Foundations and Criminal Charges and Courts and Law and Philanthropy

Former foundation exec to plead guilty to felony

August 21, 2013

The former not-for-profit executive who allegedly admitted to buying Gucci and Neiman Marcus merchandise with the foundation’s funds has decided to plead guilty to a felony charge of corrupt business influence and repay nearly $38,000.

Trevor Bradley, the former executive director of the Meadows Community Foundation, entered into a plea agreement filed on Aug. 14 in Marion County Superior Court consenting to a five-year sentence, with two years suspended. A court hearing on the agreement is scheduled for Oct. 30.

Prosecutors charged Bradley in March with corrupt business influence and seven counts of theft.

Bradley, 48, was hired as the foundation’s sole employee in June 2011. Its mission is to help revitalize the troubled Meadows neighborhood near 38th Street and Millersville Road on the northeast side.

Civic leaders and philanthropists such as Warren Buffett have championed plans in the area for mixed-income housing, a grocery store, green space and a health and wellness center.

Court records said in the eight months after Bradley was hired, he had spent $170,000 of foundation funds “with little or no progress made in the foundation’s initiative.”

The records said that after board members began questioning Bradley in the spring of 2012 about why only $22,000 remained in bank accounts, Bradley admitted using some of the funds for personal expenses, including merchandise from Gucci and Neiman Marcus, airline tickets and a stay at a Ritz Carlton hotel.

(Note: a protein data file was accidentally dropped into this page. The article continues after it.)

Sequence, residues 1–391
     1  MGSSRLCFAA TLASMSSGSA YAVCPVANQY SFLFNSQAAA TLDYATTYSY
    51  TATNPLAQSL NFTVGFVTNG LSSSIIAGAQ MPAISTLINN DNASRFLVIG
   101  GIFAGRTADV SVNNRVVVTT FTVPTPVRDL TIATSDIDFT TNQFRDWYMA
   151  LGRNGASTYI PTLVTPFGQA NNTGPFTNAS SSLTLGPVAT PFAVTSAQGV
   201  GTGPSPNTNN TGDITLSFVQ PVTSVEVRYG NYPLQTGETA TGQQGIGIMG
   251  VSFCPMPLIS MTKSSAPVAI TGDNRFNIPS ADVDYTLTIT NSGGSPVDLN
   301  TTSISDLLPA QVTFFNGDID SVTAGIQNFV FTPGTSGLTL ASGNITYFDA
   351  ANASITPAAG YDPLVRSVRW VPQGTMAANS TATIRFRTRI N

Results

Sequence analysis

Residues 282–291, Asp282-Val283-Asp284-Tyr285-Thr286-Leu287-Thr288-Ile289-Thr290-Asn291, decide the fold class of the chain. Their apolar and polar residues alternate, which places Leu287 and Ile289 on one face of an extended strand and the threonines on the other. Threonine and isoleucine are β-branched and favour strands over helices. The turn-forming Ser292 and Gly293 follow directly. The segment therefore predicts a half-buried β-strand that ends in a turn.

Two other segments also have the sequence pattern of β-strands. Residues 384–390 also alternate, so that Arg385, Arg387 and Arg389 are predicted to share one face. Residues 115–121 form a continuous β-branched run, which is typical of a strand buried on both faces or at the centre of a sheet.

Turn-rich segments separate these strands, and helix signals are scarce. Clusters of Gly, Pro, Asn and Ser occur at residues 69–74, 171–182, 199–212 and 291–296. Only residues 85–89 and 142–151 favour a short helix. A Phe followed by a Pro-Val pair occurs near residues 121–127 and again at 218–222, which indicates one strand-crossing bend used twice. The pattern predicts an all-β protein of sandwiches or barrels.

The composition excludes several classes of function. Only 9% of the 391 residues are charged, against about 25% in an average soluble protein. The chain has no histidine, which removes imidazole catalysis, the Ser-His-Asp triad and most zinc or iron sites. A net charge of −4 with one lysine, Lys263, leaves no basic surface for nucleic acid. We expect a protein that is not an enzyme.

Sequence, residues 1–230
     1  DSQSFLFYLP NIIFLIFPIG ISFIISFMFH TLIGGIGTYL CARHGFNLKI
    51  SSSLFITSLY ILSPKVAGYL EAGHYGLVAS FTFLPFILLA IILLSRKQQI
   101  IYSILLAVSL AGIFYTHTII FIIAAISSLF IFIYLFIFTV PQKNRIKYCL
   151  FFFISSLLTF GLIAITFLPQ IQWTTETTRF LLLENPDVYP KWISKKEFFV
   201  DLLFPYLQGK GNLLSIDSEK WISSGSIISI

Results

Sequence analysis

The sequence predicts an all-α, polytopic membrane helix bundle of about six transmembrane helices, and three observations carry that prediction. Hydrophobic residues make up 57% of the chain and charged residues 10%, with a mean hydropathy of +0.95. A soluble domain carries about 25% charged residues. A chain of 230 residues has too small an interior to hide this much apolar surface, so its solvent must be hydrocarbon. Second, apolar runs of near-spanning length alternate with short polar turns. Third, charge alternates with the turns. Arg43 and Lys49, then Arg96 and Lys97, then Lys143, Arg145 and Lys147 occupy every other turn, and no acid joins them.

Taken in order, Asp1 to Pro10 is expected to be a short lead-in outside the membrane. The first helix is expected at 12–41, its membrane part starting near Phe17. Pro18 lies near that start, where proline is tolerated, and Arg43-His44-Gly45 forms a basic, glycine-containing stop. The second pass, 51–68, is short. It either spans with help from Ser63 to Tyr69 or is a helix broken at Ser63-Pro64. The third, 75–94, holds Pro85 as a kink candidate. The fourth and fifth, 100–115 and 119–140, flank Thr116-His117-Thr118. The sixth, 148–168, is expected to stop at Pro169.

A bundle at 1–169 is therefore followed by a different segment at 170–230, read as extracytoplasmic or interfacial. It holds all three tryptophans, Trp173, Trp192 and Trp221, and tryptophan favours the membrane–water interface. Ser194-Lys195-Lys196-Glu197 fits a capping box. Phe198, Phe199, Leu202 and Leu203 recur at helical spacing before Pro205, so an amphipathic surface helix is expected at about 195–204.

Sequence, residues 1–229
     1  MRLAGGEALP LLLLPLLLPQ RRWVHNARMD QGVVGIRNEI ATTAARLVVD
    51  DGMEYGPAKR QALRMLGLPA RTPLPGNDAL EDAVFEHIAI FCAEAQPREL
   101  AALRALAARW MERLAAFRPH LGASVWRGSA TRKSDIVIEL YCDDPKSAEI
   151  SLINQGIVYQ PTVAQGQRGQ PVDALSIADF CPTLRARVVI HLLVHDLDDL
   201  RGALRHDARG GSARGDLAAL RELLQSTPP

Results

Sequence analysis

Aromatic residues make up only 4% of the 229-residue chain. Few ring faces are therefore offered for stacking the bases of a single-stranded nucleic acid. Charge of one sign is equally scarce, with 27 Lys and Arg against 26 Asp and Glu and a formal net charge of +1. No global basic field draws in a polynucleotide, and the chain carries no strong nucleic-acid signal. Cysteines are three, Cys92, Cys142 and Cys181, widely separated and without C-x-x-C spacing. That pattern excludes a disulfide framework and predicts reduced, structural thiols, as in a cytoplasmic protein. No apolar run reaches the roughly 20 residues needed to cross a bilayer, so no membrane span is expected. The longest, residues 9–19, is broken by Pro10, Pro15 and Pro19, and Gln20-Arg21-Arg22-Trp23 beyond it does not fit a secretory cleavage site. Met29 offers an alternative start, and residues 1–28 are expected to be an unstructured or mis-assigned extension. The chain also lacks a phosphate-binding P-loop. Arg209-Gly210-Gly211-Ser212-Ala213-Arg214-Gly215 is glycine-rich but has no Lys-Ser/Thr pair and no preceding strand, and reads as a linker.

Further digging turned up other problems, including payments to a consulting firm Bradley formed, payments to friends and the purchase of a $378 Dyson vacuum that was shipped to his home.

In total, court records alleged that Bradley racked up nearly $38,000 in illegal expenditures before being fired from the $60,000-a-year job in April 2012.

In the plea agreement, Bradley promises to pay $37,818 in restitution to the foundation. The state has agreed to dismiss all charges beyond the count of corrupt business influence.

"The foundation was disappointed that we suffered the setback we did, but that being said, we are satisfied with the result," said John Neighbours, president of the foundation. "We think justice has been done, particularly because it includes full restitution."

Foundation directors have acknowledged they failed to thoroughly vet Bradley. Had they done so, they would have unearthed something alarming: a 1994 forgery conviction stemming from a bogus-check cashing spree. Under a plea agreement, he served two years at a work-release center.

Bradley “had been on the board of a neighborhood organization, and that caused him to come with a high recommendation,” Neighbours told IBJ earlier this year. “We probably skipped a step.”
 

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